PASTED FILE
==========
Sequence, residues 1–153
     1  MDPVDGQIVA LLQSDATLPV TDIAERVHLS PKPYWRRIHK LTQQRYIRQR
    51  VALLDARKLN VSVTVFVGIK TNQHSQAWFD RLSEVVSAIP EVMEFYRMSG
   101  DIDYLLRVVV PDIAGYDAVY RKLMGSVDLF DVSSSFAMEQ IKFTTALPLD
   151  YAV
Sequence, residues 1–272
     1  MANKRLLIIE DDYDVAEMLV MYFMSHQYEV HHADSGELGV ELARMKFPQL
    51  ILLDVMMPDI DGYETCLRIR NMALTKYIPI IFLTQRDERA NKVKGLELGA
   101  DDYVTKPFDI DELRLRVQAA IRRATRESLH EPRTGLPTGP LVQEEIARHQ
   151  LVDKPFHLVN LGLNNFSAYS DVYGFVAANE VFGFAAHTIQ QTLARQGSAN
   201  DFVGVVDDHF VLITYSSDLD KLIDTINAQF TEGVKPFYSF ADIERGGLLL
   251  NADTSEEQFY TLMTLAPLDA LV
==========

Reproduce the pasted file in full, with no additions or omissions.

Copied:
Sequence, residues 1–153
     1  MDPVDGQIVA LLQSDATLPV TDIAERVHLS PKPYWRRIHK LTQQRYIRQR
    51  VALLDARKLN VSVTVFVGIK TNQHSQAWFD RLSEVVSAIP EVMEFYRMSG
   101  DIDYLLRVVV PDIAGYDAVY RKLMGSVDLF DVSSSFAMEQ IKFTTALPLD
   151  YAV
Sequence, residues 1–272
     1  MANKRLLIIE DDYDVAEMLV MYFMSHQYEV HHADSGELGV ELARMKFPQL
    51  ILLDVMMPDI DGYETCLRIR NMALTKYIPI IFLTQRDERA NKVKGLELGA
   101  DDYVTKPFDI DELRLRVQAA IRRATRESLH EPRTGLPTGP LVQEEIARHQ
   151  LVDKPFHLVN LGLNNFSAYS DVYGFVAANE VFGFAAHTIQ QTLARQGSAN
   201  DFVGVVDDHF VLITYSSDLD KLIDTINAQF TEGVKPFYSF ADIERGGLLL
   251  NADTSEEQFY TLMTLAPLDA LV